Merck/INBIO Agreements did not lead to successful commercialization of any of the discoveries
          found during a complex, multi-year relationship. Nevertheless, the Merck/INBIO agreement,
          and those that followed, contributed to Costa Rica’s science-base through up-front payments,
          training and laboratory equipment, and collaborative research, providing substantial and
          continuing social and economic benefits.

    (ii) Business as much as non-commercial research institutes may be deterred by increases in
         expenses or bureaucratic “red tape.” Complicated requirements for access and benefit-
         sharing may have the unintended effect of causing a significant decline in academic and
         commercial research alike, or, as one commentator noted, may drive scientists underground,
         resulting in worse documentation of research activities. Declining research may also cause a
         decline in successful commercialization needed to create social and economic ABS benefits,
         particularly where outcomes are uncertain and potential commercial benefits lie far in the
         future.

    (iii) This may be especially also true for small and medium enterprises (SMEs), start-up
          biotechnology or natural products companies, and certain industry sub-sectors like breeders
          of ornamental and fruit varieties. For SMEs in particular, it would be essential to find simple
          rules facilitating access and thus the possibilities to generate sharable benefits. At the same
          time, business in developing countries may have even a greater share of SMEs – these
          indigenous entrepreneurs would be particularly disadvantaged by a heavily bureaucratic
          approach in the ABS IR.

    (iv) In reality, it may prove extremely difficult if not impossible to differentiate between ABS
         conditions needed to provide incentives for non-commercial and commercial research.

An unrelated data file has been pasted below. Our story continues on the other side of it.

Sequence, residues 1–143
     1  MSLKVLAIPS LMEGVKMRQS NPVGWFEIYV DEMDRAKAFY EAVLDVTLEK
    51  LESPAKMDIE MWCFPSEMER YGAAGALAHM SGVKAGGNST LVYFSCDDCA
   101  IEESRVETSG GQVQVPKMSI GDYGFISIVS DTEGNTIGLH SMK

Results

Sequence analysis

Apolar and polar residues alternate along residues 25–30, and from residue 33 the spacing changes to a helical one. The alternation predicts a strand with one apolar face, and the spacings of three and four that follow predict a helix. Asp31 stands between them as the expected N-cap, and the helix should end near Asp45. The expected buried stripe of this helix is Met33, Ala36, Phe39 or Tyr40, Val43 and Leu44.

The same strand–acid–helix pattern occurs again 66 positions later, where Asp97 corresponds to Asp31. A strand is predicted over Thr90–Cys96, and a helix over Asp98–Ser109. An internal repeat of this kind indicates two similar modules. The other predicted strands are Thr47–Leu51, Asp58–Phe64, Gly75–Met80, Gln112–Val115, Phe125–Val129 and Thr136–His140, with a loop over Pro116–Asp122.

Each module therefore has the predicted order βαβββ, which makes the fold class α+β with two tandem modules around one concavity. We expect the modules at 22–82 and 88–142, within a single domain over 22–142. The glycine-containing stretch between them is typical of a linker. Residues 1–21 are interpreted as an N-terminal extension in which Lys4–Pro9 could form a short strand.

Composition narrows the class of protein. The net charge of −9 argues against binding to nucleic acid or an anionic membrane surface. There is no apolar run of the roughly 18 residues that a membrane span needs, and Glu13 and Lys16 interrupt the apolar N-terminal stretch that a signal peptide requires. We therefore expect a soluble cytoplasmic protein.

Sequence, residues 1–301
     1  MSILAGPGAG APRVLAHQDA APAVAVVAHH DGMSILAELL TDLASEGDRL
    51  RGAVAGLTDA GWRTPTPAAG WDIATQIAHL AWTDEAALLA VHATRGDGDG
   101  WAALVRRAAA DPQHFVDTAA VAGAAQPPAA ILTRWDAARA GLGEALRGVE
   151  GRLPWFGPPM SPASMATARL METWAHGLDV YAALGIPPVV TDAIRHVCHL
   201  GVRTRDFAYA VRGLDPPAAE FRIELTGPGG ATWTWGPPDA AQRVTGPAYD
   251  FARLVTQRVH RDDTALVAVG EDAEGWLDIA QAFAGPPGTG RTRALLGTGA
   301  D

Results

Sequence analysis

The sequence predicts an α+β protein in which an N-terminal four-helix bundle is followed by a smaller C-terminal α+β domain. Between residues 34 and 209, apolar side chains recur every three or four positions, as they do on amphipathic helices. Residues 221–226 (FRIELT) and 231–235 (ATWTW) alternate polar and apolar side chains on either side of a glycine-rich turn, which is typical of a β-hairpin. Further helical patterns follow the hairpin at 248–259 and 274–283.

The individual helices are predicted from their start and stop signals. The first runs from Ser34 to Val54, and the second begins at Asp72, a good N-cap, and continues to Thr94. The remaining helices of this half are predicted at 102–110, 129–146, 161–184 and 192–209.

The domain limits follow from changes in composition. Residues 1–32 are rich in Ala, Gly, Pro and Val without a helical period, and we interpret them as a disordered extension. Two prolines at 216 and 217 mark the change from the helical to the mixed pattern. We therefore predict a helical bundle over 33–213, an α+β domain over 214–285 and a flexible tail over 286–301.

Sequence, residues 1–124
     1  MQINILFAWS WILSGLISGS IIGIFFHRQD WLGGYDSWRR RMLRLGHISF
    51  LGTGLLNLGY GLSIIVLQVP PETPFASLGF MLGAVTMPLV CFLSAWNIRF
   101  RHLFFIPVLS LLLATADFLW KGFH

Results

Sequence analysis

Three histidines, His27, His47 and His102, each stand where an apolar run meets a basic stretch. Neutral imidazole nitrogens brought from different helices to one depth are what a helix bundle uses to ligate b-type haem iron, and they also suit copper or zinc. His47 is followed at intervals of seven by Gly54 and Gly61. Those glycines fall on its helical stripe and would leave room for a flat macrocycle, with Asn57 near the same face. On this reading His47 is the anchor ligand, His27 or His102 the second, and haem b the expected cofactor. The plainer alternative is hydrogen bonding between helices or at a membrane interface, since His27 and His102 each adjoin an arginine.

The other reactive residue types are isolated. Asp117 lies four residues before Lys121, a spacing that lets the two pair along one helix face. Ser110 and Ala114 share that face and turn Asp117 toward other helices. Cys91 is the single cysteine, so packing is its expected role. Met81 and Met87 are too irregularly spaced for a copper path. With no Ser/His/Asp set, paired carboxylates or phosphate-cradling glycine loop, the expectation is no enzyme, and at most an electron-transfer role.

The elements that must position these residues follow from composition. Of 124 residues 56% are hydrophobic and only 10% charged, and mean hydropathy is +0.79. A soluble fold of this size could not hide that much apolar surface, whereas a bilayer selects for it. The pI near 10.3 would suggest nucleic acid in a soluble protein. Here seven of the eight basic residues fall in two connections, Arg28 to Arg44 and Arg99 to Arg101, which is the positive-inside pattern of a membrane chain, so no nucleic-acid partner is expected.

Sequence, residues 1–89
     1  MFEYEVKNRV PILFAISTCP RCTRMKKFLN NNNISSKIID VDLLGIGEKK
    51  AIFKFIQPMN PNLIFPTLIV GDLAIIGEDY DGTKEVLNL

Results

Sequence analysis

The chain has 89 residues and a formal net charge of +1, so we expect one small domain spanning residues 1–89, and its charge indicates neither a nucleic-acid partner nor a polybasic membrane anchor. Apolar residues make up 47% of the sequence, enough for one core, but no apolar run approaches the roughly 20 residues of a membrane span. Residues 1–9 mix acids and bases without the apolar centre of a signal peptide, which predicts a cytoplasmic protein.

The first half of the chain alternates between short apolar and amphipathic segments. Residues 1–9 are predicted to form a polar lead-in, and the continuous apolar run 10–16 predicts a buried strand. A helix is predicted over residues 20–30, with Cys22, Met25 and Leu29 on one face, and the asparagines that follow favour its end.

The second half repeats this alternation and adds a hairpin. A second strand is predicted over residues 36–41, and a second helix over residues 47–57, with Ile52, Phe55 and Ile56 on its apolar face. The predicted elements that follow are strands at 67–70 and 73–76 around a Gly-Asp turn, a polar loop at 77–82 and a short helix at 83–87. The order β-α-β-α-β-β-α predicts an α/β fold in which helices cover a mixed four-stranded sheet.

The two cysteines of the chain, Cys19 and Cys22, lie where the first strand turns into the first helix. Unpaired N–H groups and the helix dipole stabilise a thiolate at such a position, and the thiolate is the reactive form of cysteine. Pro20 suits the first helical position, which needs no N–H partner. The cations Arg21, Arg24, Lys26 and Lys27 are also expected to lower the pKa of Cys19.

Scientific research that starts out as non-commercial may ultimately contribute to the
         commercial development of a product, either by the same party or by others. Similarly,
         commercial research may be licensed for public research purposes, as in the case of the



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                                    Access and Benefit Sharing: Priority Issues for the Compliance TEG




         development of Golden Rice, which relied heavily on commercially funded research. If a
         country nonetheless chooses to implement a bifurcated commercial/non-commercial use
         system, then, it is preferable to spell out the steps needed to convert MAT for non-
         commercial research into terms for commercial development that protects the interests of all
         parties, whether applying commercial or non-commercial research, in case of eventual
         successful commercialization. So it might be another consideration to not draw the distinction
         between commercial/non-commercial uses but rather distinguish according to the specialties
         of sectors.

    (v) CBD Members clearly have the right to structure their domestic ABS regimes to provide
        incentives and approval only for non-commercial ABS activities. CBD Members choosing this
        option, however, need to be transparent about limiting access to non-commercial ABS
        activities and, by extension, explicitly recognize that they also are excluding themselves and
        their right-holders from potential future commercial benefits available to other CBD Members
        under the ABS IR.

    (vi) Commercial and non-commercial ABS stakeholders have varied concerns and interests as
         regards publications relating to GR and associated TK. This is an important issue for
         consideration, particularly given assertions that prohibitions on academic publication rights
         would have no impact on taxonomic or other non-commercial research. Generally, universities
         seek open research, with unrestricted publication rights, while business sponsors of research
         may prefer limited publication rights, at least for an agreed term, in order to protect their